Some Republicans Shifting Position on HB2

Where Do Republicans Stand?

Both the NCAA and the ACC pulled championship events from North Carolina, blaming HB2.

Now, the party responsible for enacting the law and standing united behind it is showing signs of a split.

As the ACC news spread, responses from Republican lawmakers started to trickle in. Some of them suggesting it's time for a change.

Statement from Republican Senator Rick Gunn who represents Alamance and Randolph Counties:

“I'm opposed to giving men access to girls’ locker rooms and bathrooms, but I also am concerned about the impact HB 2 is having on our state and the Triad – especially NCAA and Atlantic Coast Conference athletic championship events – and I think it is time we give serious consideration to modifying, or possibly repealing, HB 2. It is time for the federal courts to protect women and girls' privacy and strike down President Obama's bathroom sharing mandate.”

Statement from Republican Senator Tamara Barringer who represents Wake County:

“I do not want men or boys legally to be able to share the same locker rooms or bathrooms with my 16 year old daughter and her classmates or teammates,” she said. “However, if we want to preserve the proud heritage of North Carolina, it is time for our leadership to consider a substantial and immediate repeal of HB2.”

Their opinions are in the minority of their party.

During a phone interview with Representative Pat Hurley, the Republican who represents Randolph County said, "I just feel like somebody needs to listen to what is really going on and know that this is not to hurt North Carolina, to hurt anything of the economic, it's just to protect our women and our children."

2 Wants to Know asked about the shift in position of some lawmakers to a Political Science expert at High Point University. Martin Kifer said the State Legislature passes laws they think will best serve the people, but what's best for the people can change.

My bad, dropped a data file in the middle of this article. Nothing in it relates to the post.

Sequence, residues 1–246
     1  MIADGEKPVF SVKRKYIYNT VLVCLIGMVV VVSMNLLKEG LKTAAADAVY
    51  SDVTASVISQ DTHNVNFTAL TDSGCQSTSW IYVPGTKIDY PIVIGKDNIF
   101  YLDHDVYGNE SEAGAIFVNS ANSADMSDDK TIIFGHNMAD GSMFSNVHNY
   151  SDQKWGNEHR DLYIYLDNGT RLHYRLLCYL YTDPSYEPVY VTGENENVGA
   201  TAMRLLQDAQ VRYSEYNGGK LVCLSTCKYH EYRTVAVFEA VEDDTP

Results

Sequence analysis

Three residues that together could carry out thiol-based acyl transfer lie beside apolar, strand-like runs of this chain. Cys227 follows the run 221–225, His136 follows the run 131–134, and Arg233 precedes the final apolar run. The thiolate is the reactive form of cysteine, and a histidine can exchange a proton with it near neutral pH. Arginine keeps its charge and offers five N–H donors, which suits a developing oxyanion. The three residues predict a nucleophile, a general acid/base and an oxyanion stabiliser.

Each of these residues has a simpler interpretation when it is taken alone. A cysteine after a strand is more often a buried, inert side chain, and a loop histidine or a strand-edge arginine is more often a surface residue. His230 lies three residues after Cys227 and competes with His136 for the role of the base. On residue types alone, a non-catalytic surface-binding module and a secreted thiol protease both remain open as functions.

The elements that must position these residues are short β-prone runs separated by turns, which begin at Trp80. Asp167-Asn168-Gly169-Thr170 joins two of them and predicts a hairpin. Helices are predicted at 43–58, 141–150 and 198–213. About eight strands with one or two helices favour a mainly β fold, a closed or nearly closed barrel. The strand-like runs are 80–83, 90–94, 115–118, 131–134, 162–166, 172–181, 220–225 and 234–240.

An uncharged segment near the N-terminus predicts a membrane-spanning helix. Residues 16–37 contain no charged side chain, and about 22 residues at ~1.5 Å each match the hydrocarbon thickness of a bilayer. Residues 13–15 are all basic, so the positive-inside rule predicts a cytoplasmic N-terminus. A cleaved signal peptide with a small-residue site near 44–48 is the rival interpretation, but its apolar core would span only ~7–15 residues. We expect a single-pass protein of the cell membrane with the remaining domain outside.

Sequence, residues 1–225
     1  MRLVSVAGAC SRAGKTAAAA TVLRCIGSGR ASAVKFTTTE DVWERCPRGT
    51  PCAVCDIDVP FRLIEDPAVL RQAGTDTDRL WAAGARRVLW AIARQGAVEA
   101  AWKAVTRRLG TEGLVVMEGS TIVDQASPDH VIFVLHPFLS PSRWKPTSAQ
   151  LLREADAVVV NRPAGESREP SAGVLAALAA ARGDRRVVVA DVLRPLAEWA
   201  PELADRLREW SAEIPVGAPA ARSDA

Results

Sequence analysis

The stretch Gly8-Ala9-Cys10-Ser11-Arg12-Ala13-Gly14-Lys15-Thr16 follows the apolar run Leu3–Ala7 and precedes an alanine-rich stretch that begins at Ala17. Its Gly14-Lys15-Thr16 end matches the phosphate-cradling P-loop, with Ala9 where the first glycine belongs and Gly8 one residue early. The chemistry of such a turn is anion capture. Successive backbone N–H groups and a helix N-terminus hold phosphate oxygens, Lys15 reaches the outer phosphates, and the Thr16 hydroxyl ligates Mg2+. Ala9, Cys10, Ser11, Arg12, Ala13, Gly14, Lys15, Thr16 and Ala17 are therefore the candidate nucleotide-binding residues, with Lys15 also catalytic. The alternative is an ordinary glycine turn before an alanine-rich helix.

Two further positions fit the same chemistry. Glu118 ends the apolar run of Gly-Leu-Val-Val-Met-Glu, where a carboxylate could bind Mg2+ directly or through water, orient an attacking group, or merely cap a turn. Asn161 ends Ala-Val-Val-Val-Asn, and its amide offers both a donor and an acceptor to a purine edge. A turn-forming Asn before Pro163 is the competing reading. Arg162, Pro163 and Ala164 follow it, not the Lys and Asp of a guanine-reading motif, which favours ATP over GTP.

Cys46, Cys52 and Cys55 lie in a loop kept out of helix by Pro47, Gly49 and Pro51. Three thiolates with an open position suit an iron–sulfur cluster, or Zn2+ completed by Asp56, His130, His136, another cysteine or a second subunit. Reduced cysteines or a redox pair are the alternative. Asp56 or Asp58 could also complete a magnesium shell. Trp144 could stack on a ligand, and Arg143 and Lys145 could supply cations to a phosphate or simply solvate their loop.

"They also can make decisions about how to modify them,” said Kifer. “They can also make decisions about whether to repeal them and so right now you may see folks considering whether or not the apparent costs outweigh the benefits."

As for Governor Pat McCrory, he released a statement following the ACC announcement:

"The issue of redefining gender and basic norms of privacy will be resolved in the near future in the United States court system for not only North Carolina, but the entire nation. I strongly encourage all public and private institutions to both respect and allow our nation’s judicial system to proceed without economic threats or political retaliation toward the 22 states that are currently challenging government overreach.”

It is almost the same at the statement he released the day before following the NCAA announcement.

"The issue of redefining gender and basic norms of privacy will be resolved in the near future in the United States court system for not only North Carolina, but the entire nation. I strongly encourage all public and private institutions to both respect and allow our nation’s judicial system to proceed without economic threats or political retaliation toward the 22 states that are currently challenging government overreach. Sadly, the NCAA, a multi-billion dollar, tax-exempt monopoly, failed to show this respect at the expense of our student athletes and hard-working men and women."

Copyright 2016 WFMY


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